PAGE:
Obama health reform law: clues to how the justices might behave

The four justices who make up the US Supreme Court's liberal wing are expected to uphold the constitutionality of the Obama health reform law. How the other five will see it is less certain.

Predicting US Supreme Court decisions is often compared to reading tea leaves, and is frequently much less accurate. But there are some clues about how the justices may approach their assessment of the constitutionality of the Patient Protection and Affordable Care Act (ACA).

Analysts expect the four members of the court's liberal wing – Justices Ruth Bader Ginsburg, Stephen Breyer, Sonia Sotomayor, and Elena Kagan – to vote to uphold the constitutionality of the ACA's individual mandate.

Analysts are less certain about how members of the court's conservative wing might behave.

Some observers have cited Justice Antonin Scalia's concurrence in a 2005 case in California upholding the federal government's power to prosecute the use of medical marijuana even when the drug was home grown and home-consumed legally under a state law.

In upholding the applicability of federal drug laws, the court – and Justice Scalia – found that the regulation necessarily reached home use of medical marijuana because such activities might otherwise undermine the comprehensive federal scheme to ban marijuana.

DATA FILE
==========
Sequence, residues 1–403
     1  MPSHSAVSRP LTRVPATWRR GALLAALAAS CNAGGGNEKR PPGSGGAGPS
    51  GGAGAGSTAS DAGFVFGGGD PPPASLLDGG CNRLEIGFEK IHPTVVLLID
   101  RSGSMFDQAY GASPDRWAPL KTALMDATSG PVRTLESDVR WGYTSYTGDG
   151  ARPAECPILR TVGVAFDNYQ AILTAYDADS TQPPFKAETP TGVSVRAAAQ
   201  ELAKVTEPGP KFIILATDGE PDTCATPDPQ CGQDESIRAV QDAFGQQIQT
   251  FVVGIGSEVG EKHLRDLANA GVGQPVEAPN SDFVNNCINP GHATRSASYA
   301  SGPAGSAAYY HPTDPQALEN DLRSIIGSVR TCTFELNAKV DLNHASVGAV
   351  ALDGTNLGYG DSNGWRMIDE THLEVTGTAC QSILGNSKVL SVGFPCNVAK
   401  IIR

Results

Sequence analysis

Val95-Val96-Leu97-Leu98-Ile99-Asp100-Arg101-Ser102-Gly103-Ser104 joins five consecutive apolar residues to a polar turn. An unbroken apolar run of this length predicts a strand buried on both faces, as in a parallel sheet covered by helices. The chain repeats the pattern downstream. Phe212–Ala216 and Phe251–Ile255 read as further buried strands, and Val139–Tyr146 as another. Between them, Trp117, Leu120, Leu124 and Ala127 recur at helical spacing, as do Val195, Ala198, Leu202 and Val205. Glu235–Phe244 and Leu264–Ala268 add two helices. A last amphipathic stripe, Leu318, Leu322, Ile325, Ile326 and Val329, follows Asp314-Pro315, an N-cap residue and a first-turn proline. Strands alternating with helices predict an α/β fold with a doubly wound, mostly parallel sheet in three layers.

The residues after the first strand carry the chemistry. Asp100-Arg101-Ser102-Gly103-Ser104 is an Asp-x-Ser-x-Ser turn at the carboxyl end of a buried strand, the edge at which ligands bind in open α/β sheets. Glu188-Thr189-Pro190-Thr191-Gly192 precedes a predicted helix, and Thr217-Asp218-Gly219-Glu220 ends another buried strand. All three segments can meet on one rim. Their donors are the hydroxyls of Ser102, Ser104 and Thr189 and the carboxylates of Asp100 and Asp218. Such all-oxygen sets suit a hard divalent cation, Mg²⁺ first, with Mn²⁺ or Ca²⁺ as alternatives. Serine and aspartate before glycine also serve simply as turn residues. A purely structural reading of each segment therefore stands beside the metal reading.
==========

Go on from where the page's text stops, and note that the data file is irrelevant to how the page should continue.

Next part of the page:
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Five years later, in a case called US v. Comstock, the high court again embraced a broad reading of the scope of federal power when it upheld a law that authorized the continued detention of sexual offenders after they had served their criminal sentences.

The law was challenged on grounds that Congress exceeded its constitutional authority in passing the detention law. The justices upheld the law 7 to 2.

In that case, Scalia joined a dissent written by Justice Clarence Thomas denouncing the government's underlying justification for the federal detention law as a pretext to encroach into areas assigned solely to state governments.

The Comstock decision is important because three members of the court's conservative wing joined the majority opinion.

Two of those members, Justice Anthony Kennedy and Justice Samuel Alito, wrote concurrences distancing themselves from the majority opinion's expansive reading of federal authority.

Unlike Justices Kennedy and Alito, the third conservative in that majority opinion – Chief Justice John Roberts – offered no written explanation of his view of the case.

Some analysts speculate that Kennedy may be the most likely justice to swing to the liberal side of the court and provide a fifth vote to affirm the ACA.

From his prior decisions, the one justice who seems least likely to vote to uphold the ACA is Justice Thomas.

In the meantime, legal scholars and journalists will be listening closely during oral argument to the tone and character of questions posed by the justices to try to discern revealing hints of which way they may be leaning.

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